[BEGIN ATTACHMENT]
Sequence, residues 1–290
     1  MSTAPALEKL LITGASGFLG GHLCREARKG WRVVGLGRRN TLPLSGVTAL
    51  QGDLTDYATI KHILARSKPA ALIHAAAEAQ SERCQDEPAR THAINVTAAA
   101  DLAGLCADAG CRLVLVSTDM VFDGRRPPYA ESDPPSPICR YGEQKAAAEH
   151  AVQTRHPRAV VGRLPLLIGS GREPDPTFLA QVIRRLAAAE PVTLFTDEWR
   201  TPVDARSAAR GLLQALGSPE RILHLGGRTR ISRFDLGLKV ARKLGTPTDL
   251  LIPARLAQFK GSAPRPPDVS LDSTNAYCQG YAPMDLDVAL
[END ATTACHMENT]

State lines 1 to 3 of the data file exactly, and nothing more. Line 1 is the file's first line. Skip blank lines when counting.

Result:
Sequence, residues 1–290
     1  MSTAPALEKL LITGASGFLG GHLCREARKG WRVVGLGRRN TLPLSGVTAL
    51  QGDLTDYATI KHILARSKPA ALIHAAAEAQ SERCQDEPAR THAINVTAAA